Big Altima Energy, Winter Edition: How Does the 2024 Nissan Altima AWD Do in Snow?

nissan altima sl awd 2024 01 exterior front angle scaled jpg 2024 Nissan Altima SL AWD | photo by Aaron Bragman

We’re having a weird winter in Michigan, as is becoming the norm these days. So when I saw a new 2024 Nissan Altima SL AWD on my testing schedule, I was worried that the 55-degree Christmas weather we saw would still be in effect when the car arrived in my driveway a few weeks later. And it almost was — but an arctic blast and a dump of several inches of snow saved the day. I got to drive the new Altima with its all-wheel-drive system on snowy, icy, absolutely frigid Michigan roads for a week to see exactly how it performs and whether it’s worth considering if you’re one of the increasingly rare shoppers looking for a new mid-size family sedan.

Related: 2023 Nissan Altima 2.0 SR Review: A Sensible, Somewhat Sporty Sedan

A Word About ‘Big Altima Energy’

If you’re even just a little bit automotive-internet savvy, you’ve seen the memes about Big Altima Energy (BAE, as it’ll be referred to henceforth). For some reason, and not one that’s entirely undeserved, Nissan Altimas show up in pop culture on YouTube and TikTok as clapped-out, super-cheap, drive-’em-like-you-stole-’em cars doing all manner of boneheaded things in front of other drivers’ dashcams. For instance, when my nonmedia friends found out I was getting an Altima for a week, two of them independently suggested I replace one wheel with the mini-spare doughnut and drive down Detroit’s Interstate-696 freeway at 110 mph, weaving through traffic with just the right blinker on. They didn’t just invent that scene in their respective heads — it’s been done and witnessed frequently enough to become part of the zeitgeist of BAE.

nissan altima sl awd 2024 04 exterior rear angle scaled jpg 2024 Nissan Altima SL AWD | photo by Aaron Bragman

The Latest Altima

I had to see for myself what the hype was all about with BAE, but acquiring a rusty 15-year-old Altima in a sad-sack state was a nonstarter, so Nissan lent me the latest and greatest: a 2024 Altima SL with AWD. It’s a good-looking dark-red example of what used to be America’s most popular automotive class: the mid-size family sedan. Those days are over as everyone’s gone nuts for SUVs, but a few examples of the mid-sizers still soldier on.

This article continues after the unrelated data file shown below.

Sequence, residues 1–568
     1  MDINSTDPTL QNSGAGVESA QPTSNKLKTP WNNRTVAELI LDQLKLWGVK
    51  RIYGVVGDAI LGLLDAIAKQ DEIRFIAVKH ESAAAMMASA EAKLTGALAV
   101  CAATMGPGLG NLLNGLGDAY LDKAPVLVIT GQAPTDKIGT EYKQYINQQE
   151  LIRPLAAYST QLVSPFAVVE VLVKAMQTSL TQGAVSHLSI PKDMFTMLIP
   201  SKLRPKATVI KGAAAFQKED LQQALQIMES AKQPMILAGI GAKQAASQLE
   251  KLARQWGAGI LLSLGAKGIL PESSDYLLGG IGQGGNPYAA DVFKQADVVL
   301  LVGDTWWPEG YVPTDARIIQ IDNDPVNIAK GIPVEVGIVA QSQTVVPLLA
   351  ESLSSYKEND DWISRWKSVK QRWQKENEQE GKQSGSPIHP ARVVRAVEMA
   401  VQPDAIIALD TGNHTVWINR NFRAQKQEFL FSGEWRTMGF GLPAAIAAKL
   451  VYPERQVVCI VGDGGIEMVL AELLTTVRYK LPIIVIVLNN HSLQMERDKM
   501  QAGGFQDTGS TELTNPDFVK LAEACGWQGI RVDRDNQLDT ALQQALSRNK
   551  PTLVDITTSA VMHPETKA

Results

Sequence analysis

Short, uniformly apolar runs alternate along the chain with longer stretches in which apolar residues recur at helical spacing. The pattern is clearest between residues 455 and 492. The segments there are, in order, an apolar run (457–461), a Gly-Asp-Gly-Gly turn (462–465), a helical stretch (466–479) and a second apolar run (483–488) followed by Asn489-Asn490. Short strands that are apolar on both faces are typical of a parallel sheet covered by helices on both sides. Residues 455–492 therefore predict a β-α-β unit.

The formula is still a good one. A roomy five-occupant vehicle that you don’t have to climb up into with excellent visibility, top-notch seat comfort, and all controls and displays within easy reach of the driver worked for a lot of people for a very long time. The current Altima is reasonably fresh, having just gotten its last redo for the 2023 model year; for ‘24, it’s pretty much a carryover. The base engine (the only one you can get with the AWD system) is a 2.5-liter four-cylinder gasoline motor normally rated at 188 horsepower and 180 pounds-feet of torque, but that output is reduced to 182 hp and 178 pounds-feet in the AWD model. You do get some decent EPA-estimated fuel economy out of that lackluster power rating, coming in at 26/36/30 mpg city/highway/combined. That’s due in part to the continuously variable automatic transmission that comes with every Altima, even the more powerful turbocharged 2.0-liter version (which makes a much more robust 248 hp and 273 pounds-feet of torque on premium gas). The AWD system and added weight does cost a mile or two per gallon compared to front-wheel drive models, but the difference isn’t that dramatic.

nissan altima sl awd 2024 08 interior front row scaled jpg 2024 Nissan Altima SL AWD | photo by Aaron Bragman

What is noticeable is the Altima’s CVT operation. Like most cars with such transmissions, it brings the engine to a certain rpm and then just holds it there upon accelerating. It’s not the quietest or most refined noise in the automotive world, but it’s not too offensive. More surprisingly, it’s accompanied by a decent amount of scoot from a naturally aspirated, not-terribly-powerful-on-paper engine. I never felt that the car was underpowered or struggled in highway on-ramps or passing maneuvers. The trade-off of opting for the lesser engine in exchange for some better fuel-economy numbers won’t leave drivers wishing they had gone for the turbo instead. For most people, it’s more than adequate.